Climate action advocates and wildlife defenders celebrated Monday after the U.S. Court of Appeals for the 9th Circuit rejected the Trump administration's approval of Liberty, a proposed offshore oil-drilling project in federal Arctic waters that opponents warned would endanger local communities, animals, and the environment.
"This is a huge victory for polar bears and our climate," declared Kristen Monsell, oceans legal director at the Center for Biological Diversity, in a statement. "This project was a disaster waiting to happen that should never have been approved. I'm thrilled the court saw through the Trump administration's attempt to push this project through without carefully studying its risks."
Marcie Keever, legal director at Friends of the Earth, similarly applauded the ruling (pdf), saying that "thankfully, the court put the health of our children and our planet over oil company profits."
Both groups joined with fellow advocacy organizations Defenders of Wildlife, Greenpeace, and Pacific Environment for a lawsuit challenging the Hilcorp Alaska project, which was approved in 2018. The energy company planned to construct an artificial island, wells, and a pipeline along the Alaska coast in the Beaufort Sea.
BREAKING: In response to a lawsuit brought by the Center and allies, the U.S. Court of Appeals for the 9th Circuit… https://t.co/6VuTXp84qH— Center for Bio Div (@Center for Bio Div)1607382461.0
Jeremy Lieb, an attorney at the nonprofit law organization Earthjustice, which represented the advocacy groups, praised the court for rejecting the administration's "inaccurate and misleading analysis of this project's impact to the climate." The court determined that the administration hadn't properly considered Liberty's climate impacts as required by the National Environmental Policy Act, specifically taking issue with an economic model claiming the project would benefit the climate.
"In the face of a worsening climate crisis, the federal government should not be in the business of approving irresponsible offshore oil development in the Arctic," Lieb said. "The world cannot afford to develop new oil prospects anywhere, but especially in the Arctic where warming is already taking such a significant toll."
Research has shown that the Arctic is warming faster than the rest of the world, which has devastating effects on its human and animal inhabitants—including caribou, polar bears, reindeer, and walruses—and the planet more broadly. As one expert put it last year: "What happens in the Arctic does not stay in the Arctic."
Calling the court ruling "a victory for the planet and its people," Greenpeace senior research specialist Tim Donaghy said that it "affirms that the U.S. must take steps to transition off of oil and gas if we are to have any hope of halting the climate crisis."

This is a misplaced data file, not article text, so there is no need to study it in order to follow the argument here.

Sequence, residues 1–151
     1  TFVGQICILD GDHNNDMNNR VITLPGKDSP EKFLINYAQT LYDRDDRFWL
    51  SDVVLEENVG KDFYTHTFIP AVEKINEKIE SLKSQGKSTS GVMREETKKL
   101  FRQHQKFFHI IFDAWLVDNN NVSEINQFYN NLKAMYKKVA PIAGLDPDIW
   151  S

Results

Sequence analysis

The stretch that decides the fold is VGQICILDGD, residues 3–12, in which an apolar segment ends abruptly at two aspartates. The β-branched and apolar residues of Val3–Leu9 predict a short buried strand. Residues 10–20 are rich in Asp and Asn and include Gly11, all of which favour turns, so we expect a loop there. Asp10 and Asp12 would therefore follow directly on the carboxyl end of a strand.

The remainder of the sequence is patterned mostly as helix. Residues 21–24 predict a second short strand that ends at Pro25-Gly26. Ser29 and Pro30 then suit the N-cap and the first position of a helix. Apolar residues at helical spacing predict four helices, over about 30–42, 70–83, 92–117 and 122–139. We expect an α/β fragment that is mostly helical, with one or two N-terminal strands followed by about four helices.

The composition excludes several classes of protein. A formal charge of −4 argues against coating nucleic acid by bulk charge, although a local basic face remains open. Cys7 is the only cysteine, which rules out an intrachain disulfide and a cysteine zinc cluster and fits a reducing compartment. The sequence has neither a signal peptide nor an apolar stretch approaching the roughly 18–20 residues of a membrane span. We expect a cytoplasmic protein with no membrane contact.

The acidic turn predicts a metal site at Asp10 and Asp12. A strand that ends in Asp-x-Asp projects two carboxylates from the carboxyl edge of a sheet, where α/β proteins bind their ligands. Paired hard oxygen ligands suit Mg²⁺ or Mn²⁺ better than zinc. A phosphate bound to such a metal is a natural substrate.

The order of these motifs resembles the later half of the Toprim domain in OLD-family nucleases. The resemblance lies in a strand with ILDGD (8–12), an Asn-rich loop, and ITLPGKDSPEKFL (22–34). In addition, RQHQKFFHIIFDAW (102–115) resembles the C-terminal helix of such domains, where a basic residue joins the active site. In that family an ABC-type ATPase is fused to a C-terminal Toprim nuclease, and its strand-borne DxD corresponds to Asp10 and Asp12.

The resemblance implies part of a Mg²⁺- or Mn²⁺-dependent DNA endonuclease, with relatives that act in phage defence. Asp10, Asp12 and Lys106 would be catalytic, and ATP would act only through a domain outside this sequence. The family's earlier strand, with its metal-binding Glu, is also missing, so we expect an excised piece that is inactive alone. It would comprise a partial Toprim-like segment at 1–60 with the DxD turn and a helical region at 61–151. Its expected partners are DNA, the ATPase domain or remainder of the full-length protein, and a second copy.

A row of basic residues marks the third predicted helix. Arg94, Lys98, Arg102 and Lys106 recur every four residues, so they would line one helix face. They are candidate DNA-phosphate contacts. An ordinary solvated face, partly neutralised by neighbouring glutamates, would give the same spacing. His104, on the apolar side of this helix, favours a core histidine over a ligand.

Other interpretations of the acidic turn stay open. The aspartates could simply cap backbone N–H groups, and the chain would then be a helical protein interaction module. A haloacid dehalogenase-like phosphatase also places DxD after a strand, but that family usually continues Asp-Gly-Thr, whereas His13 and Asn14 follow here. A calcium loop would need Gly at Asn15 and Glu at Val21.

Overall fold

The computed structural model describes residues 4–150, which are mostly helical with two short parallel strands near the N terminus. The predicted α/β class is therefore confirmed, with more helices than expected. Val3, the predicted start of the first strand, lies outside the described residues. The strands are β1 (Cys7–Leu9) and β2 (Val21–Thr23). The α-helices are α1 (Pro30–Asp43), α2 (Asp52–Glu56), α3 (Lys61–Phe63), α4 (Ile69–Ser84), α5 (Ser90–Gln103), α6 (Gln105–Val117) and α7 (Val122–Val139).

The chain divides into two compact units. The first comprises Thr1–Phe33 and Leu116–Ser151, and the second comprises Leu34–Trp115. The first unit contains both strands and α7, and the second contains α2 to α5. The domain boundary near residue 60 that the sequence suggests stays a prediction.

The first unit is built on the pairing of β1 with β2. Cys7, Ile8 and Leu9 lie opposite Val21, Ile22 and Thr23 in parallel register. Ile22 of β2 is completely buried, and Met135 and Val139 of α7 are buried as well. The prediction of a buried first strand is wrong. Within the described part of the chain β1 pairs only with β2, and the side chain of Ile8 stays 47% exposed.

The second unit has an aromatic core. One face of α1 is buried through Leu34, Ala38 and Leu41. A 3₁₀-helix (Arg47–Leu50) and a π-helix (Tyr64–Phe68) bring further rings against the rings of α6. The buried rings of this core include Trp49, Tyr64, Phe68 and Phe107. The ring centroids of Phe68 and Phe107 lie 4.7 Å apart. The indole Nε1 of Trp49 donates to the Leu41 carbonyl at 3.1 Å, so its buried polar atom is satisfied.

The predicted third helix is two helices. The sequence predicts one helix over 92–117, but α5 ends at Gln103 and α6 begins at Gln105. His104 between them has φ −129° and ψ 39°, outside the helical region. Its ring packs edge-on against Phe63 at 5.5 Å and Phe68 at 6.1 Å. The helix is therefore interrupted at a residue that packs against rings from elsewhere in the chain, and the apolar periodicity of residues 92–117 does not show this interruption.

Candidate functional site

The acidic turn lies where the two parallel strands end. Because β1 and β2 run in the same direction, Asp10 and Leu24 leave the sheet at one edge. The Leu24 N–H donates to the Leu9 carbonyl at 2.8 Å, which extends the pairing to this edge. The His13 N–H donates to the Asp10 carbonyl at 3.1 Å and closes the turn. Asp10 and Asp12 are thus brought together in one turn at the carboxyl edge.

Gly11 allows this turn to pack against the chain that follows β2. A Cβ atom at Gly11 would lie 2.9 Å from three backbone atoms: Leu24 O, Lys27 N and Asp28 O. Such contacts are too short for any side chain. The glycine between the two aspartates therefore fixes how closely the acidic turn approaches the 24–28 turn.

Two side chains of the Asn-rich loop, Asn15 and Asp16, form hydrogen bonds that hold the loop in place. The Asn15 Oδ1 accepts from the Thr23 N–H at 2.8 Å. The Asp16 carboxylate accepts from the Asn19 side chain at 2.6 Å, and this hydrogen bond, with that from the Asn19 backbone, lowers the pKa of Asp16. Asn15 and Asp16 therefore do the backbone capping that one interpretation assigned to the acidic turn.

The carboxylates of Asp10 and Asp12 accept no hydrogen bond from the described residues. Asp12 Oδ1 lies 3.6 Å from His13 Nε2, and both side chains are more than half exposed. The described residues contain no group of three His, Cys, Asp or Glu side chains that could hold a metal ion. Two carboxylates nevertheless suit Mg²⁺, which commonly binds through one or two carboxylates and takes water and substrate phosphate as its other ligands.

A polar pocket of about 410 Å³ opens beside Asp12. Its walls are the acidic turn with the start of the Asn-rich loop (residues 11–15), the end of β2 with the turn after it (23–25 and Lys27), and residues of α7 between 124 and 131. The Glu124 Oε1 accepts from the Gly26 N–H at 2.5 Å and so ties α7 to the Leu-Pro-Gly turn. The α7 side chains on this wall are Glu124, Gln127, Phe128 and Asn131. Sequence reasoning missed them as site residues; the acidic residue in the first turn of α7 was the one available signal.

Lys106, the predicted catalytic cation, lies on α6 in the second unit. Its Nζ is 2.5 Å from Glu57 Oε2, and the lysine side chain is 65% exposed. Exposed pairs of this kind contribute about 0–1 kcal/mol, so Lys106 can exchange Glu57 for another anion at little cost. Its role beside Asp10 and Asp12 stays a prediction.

"If we are going to create a just, green, and peaceful future, it must start with rejecting destructive projects like Liberty," he explained, before referencing President-elect Joe Biden's win over President Donald Trump. Ahead of the November election, climate advocates had rallied around Biden while pushing him to embrace bolder policies.
"Climate action must happen now and the Biden administration needs to keep its promise to halt any new oil and gas leasing on federal lands and waters," Donaghy said.
BREAKING: A federal court just sided with us in court, shooting down down a proposed oil project in the Arctic for… https://t.co/OuAKQUoQWI— Friends of the Earth (Action) (@Friends of the Earth (Action))1607378030.0
In addition to the climate finding, the court also determined that the U.S. Fish and Wildlife Service failed to sufficiently analyze Liberty's impact on polar bears, in violation of the Endangered Species Act—a decision that was welcomed by Nicole Whittington-Evans, Alaska program director at Defenders of Wildlife.
"Today's news is a victory for Alaska's imperiled polar bears that are threatened by oil and gas development throughout virtually all of their terrestrial denning critical habitat—in the Arctic National Wildlife Refuge, National Petroleum Reserve-Alaska, and in the nearshore marine environment as well," she said, vowing to "continue our fight against destructive oil and gas drilling and for the survival of polar bears in the Arctic."
Despite the win for the region's polar bears in terms of offshore drilling, the animals are still threatened by the Trump administration's ongoing effort to open up the Arctic National Wildlife Refuge to oil and gas extraction—despite opposition from local Indigenous people as well as environmentalists.
The administration on Monday proposed an "incidental harassment authorization" that would allow energy companies to disrupt polar bears while looking for oil and gas deposits. According to Reuters:
The Fish and Wildlife Service said that no polar bears are expected to be injured or killed during seismic operations, some of which are scheduled to take place next month, and expects disturbances to impact only a few bears.
But several veteran Arctic scientists and environmentalists in Alaska have warned against seismic operations—which can involve blasting to produce sonic images of underground formations. They argue the testing will upset wildlife and that the heavy machinery and activity involved in the work will damage tundra and speed up the thaw of permafrost.
As Monsell concluded: "The Trump administration seems determined to push polar bears further down the path to extinction before leaving office."
This article first appeared on Common Dreams. You can read it here.
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